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Improving social technologies for recycling

Improving social technologies for recycling
Improving social technologies for recycling
Although kerbside recycling participation rates have been well studied, little consideration has been paid to dense housing, especially high-rise estates, even though such areas have particularly low participation rates.
Because such areas present infrastructural difficulties for recyclates storage and collections, reduced service often results.
Nevertheless, solutions still emphasise communication strategies and householder responsibility over adequate infrastructural provision. This paper draws together three empirically based analyses focusing on the improvement of waste collection procedures and infrastructural design for high- and low-rise dense housing.
Two sites were studied: an inner London estate and Portsmouth. Both sites have minimal storage space either within the home or in external private, communal or public areas. Both areas have high churn rates.
Analysis of the findings suggests that consideration needs to be given to several factors: social, architectural, technological, infrastructural and organisational. Communication strategies need to be simple and consistent and need to acknowledge non- Anglophone residents. Spatial ownership needs to be clearly demarcated and maintained.
Solutions must be tailored to existing exigencies of the built environment (such as poor vehicular access) and need to include broader infrastructural factors such as functioning lifts and convenient, safe storage facilities. New-build is better placed to integrate a flexible collection infrastructure.
However, pressure to increase housing density is providing a continuing challenge to design appropriate storage and collection infrastructures.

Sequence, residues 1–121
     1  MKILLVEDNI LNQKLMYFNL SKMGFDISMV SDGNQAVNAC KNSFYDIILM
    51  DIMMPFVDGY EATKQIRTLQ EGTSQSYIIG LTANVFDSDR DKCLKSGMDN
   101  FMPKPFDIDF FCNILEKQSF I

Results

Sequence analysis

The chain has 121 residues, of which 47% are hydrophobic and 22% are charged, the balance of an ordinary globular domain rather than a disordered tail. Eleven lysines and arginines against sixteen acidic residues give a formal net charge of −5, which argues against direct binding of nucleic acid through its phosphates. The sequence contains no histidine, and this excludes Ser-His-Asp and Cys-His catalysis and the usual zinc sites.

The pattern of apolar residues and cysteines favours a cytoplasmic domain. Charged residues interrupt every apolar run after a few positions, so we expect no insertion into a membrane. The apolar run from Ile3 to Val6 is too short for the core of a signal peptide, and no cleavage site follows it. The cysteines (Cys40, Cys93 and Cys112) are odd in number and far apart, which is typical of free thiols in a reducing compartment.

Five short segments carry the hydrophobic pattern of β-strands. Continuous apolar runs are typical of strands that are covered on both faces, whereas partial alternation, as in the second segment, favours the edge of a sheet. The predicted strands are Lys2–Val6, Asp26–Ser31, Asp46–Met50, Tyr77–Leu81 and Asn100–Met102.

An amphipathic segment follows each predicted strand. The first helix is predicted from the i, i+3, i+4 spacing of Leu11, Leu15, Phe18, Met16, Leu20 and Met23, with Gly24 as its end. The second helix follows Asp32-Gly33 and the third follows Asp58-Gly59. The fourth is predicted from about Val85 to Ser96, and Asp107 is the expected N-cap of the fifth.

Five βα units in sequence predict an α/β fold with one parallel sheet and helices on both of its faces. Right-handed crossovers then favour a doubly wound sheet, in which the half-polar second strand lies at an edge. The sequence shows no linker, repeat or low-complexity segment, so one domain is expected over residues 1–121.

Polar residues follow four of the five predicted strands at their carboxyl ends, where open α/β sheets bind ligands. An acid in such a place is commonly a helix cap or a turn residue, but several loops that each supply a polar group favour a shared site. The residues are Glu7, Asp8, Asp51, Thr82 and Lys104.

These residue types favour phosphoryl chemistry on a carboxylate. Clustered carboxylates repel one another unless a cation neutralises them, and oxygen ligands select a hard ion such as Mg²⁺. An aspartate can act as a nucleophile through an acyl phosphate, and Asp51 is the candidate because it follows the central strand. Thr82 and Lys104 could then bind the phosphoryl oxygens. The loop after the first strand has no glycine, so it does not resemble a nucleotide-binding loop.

recycling & reuse of materials, social impact, waste management & disposal
1747-6526
15-28
Alexander, C.
048578b3-aed1-4394-b32e-5948d548ac56
Smaje, C.
60369a2a-ae60-4e5f-9281-424b56f2dd4b
Timlett, R.
0669c411-d30b-4e5d-b60e-5636a42a68a5
Williams, I.
c9d674ac-ee69-4937-ab43-17e716266e22
Alexander, C.
048578b3-aed1-4394-b32e-5948d548ac56
Smaje, C.
60369a2a-ae60-4e5f-9281-424b56f2dd4b
Timlett, R.
0669c411-d30b-4e5d-b60e-5636a42a68a5
Williams, I.
c9d674ac-ee69-4937-ab43-17e716266e22

Alexander, C., Smaje, C., Timlett, R. and Williams, I. (2009) Improving social technologies for recycling. Proceedings of the Institution of Civil Engineers - Waste and Resource Management, 162 (1), 15-28. (doi:10.1680/warm.2009.162.1.15).

Record type: Article

Abstract

Although kerbside recycling participation rates have been well studied, little consideration has been paid to dense housing, especially high-rise estates, even though such areas have particularly low participation rates.
Because such areas present infrastructural difficulties for recyclates storage and collections, reduced service often results.
Nevertheless, solutions still emphasise communication strategies and householder responsibility over adequate infrastructural provision. This paper draws together three empirically based analyses focusing on the improvement of waste collection procedures and infrastructural design for high- and low-rise dense housing.
Two sites were studied: an inner London estate and Portsmouth. Both sites have minimal storage space either within the home or in external private, communal or public areas. Both areas have high churn rates.
Analysis of the findings suggests that consideration needs to be given to several factors: social, architectural, technological, infrastructural and organisational. Communication strategies need to be simple and consistent and need to acknowledge non- Anglophone residents. Spatial ownership needs to be clearly demarcated and maintained.
Solutions must be tailored to existing exigencies of the built environment (such as poor vehicular access) and need to include broader infrastructural factors such as functioning lifts and convenient, safe storage facilities. New-build is better placed to integrate a flexible collection infrastructure.
However, pressure to increase housing density is providing a continuing challenge to design appropriate storage and collection infrastructures.

Full text not available from this repository.

More information

Published date: February 2009
Keywords: recycling & reuse of materials, social impact, waste management & disposal
Organisations: Civil Engineering & the Environment

Identifiers

Local EPrints ID: 74143
URI: https://eprints.soton.ac.uk/id/eprint/74143
ISSN: 1747-6526
PURE UUID: 5a8793b2-4a27-4f47-8803-eac77caacc50
ORCID for I. Williams: ORCID iD orcid.org/0000-0002-0121-1219

Catalogue record

Date deposited: 11 Mar 2010
Last modified: 19 Nov 2019 01:46

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